In addition to a major, students have the opportunity to select a minor. A minor consists of a coherent group of courses defined by a department or an interdepartmental program. Minors are either a limited version of a major, a more specialized subset of a particular field of study or a structured opportunity to explore areas of study that are interdisciplinary in scope.
Completion of the requirements of a minor is noted on a student's transcript. Students must declare their participation in minors and are limited to a maximum of three. The specific requirements of the minors may be found with the departmental or interdepartmental listings in this publication.
All minors must be declared before the start of a student's final semester at Brandeis.See the list of minors offered
Internships allow students to apply the liberal arts skills of research, writing and analysis in work-world situations, thereby enhancing the development of these skills. A credit-bearing internship has a significant faculty-guided academic component, which provides a valuable learning experience for the undergraduate and makes a meaningful contribution to the student's program of study. It should require use of research, writing and/or analytical skills and include a specific project to be accomplished in the designated time period.
Brandeis awards academic credit for the completion of an internship in conjunction with a faculty-led internship course. Brandeis offers three different forms of credit-bearing internship courses, however, course offerings vary by academic program and semester. Internship Seminars, which include weekly meetings as a class, are offered by departments/programs under the course number 89, and generate either two or four credits. Independent Internship & Analysis courses, which are individually arranged by a single student and instructor, are offered under the course number 92. Research-based internship courses, which are individually arranged by a single student and instructor around a research project, are offered with the course number 93 and the course title Research Internship.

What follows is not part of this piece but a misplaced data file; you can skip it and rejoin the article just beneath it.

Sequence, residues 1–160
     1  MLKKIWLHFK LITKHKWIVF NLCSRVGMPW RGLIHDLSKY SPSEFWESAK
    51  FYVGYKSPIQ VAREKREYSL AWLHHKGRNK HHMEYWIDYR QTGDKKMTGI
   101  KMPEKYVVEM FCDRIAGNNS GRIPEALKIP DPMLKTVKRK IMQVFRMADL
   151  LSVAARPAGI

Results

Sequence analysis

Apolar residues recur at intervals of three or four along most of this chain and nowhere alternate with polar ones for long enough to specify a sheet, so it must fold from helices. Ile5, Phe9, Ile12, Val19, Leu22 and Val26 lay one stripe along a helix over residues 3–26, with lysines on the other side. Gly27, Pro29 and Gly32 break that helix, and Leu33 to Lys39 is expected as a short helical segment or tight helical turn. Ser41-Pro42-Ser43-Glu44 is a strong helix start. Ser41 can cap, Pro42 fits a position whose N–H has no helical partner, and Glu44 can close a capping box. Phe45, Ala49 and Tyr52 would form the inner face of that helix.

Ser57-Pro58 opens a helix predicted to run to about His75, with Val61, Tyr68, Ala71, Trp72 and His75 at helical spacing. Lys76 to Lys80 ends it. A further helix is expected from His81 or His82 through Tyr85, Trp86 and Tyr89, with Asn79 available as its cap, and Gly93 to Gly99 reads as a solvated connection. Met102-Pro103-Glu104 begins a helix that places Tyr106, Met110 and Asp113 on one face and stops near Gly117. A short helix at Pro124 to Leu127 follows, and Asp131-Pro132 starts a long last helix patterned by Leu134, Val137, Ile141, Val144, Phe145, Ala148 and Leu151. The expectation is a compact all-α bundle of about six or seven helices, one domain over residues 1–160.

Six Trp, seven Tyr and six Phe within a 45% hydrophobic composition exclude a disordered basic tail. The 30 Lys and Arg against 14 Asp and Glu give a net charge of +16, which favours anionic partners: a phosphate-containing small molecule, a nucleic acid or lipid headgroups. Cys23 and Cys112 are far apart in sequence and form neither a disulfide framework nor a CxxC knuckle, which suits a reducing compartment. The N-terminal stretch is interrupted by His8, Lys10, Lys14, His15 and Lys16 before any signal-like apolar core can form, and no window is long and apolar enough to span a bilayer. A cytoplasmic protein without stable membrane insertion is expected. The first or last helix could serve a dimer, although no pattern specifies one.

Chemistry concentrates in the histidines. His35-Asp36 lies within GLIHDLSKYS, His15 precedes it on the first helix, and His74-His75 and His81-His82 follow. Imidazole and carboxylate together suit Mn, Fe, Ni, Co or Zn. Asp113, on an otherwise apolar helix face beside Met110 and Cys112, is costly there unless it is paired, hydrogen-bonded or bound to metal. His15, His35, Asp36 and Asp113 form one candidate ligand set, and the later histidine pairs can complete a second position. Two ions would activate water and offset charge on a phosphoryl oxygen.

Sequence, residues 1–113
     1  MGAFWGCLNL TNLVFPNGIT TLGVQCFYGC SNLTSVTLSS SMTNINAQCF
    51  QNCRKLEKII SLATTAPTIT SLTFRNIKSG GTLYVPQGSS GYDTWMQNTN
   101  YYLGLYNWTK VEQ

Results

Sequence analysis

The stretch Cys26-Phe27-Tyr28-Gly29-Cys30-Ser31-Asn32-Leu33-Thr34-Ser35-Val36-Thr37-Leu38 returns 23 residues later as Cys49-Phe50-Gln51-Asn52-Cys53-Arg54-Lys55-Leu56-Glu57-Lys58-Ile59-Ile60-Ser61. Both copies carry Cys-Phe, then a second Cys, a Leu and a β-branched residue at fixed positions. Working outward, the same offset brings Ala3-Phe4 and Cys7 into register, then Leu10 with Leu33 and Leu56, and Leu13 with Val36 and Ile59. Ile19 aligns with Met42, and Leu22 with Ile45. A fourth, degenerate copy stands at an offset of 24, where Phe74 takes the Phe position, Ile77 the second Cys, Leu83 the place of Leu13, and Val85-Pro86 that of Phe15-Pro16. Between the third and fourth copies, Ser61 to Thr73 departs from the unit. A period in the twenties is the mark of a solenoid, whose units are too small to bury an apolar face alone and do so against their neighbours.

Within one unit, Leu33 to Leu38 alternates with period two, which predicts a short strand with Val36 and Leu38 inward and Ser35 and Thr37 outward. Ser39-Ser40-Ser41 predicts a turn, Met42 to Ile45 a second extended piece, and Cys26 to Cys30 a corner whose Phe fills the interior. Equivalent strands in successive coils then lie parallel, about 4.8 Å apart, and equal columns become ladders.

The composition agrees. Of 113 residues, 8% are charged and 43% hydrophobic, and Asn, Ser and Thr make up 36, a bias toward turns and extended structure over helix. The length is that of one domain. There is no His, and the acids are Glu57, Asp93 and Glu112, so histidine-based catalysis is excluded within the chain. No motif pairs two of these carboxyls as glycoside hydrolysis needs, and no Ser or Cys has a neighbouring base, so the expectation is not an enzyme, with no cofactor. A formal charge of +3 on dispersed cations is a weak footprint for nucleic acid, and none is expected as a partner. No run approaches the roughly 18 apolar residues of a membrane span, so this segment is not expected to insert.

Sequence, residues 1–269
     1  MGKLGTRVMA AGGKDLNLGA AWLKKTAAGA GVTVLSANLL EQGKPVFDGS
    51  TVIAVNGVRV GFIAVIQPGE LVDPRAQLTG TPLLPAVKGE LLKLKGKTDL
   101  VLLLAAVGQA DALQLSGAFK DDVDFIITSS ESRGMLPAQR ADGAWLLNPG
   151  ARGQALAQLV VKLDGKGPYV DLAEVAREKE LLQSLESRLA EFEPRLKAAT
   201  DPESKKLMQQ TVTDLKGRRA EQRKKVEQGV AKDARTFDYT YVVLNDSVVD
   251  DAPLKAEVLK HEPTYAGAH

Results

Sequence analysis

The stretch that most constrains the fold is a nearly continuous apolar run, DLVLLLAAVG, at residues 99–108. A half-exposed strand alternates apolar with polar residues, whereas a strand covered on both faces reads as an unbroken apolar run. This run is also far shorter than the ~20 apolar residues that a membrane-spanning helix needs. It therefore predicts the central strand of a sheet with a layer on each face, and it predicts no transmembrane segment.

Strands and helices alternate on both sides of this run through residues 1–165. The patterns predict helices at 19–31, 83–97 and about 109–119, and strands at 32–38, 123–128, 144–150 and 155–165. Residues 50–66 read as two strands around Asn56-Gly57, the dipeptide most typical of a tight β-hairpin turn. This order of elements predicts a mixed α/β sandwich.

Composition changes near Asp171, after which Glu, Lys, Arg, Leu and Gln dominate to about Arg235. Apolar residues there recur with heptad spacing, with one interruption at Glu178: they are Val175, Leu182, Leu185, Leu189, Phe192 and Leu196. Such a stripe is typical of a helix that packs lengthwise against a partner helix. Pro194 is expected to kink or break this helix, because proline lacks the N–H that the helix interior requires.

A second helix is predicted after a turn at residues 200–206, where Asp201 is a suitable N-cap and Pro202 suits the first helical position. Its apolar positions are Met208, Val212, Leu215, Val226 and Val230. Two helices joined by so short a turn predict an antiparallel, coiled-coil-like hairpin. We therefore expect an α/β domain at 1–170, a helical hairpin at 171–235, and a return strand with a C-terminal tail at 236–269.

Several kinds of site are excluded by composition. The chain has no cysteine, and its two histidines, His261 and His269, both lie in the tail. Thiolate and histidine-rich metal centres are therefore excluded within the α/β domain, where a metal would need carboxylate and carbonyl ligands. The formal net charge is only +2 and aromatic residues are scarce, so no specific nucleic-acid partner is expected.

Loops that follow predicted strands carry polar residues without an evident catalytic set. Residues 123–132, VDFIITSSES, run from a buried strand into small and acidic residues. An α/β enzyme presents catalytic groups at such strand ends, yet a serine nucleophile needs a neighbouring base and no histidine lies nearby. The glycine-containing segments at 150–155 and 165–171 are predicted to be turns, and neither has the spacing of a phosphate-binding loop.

All internship courses are subject to the normal enrollment deadlines; specific directions for registering can be found on the Schedule of Classes each semester. Participation is normally limited to juniors and seniors. International students wishing to complete internships must enroll in an internship course, meet visa requirements and obtain approval from the International Students and Scholars Office (ISSO) for all internships. A student may not receive more than a total of 16 credits from internship courses during their undergraduate career. Normally a student may not receive more than 4 credits through a 92-numbered internship course in a semester or term. Also, a student may not use one internship experience in multiple internship courses. Petitions for exceptions are reviewed by the Executive Committee of the Committee on Academic Standing (such petitions are initiated through an academic advisor in the Office of Academic Services). Students interested in pursuing an internship while on study abroad should contact the Office of Study Abroad for further information on procedures and requirements specific to such opportunities.
Expected Components of Academic Year Internships
Students should work the equivalent of at least 8 and no more than 15 hours per week for at least 10 weeks of a 13-week semester, totaling a minimum of 100 hours. Examples of academic assignments include submission of an annotated bibliography of readings relevant to the work site, several short papers (or one long paper), a journal or log of experiences and papers completed for the internship.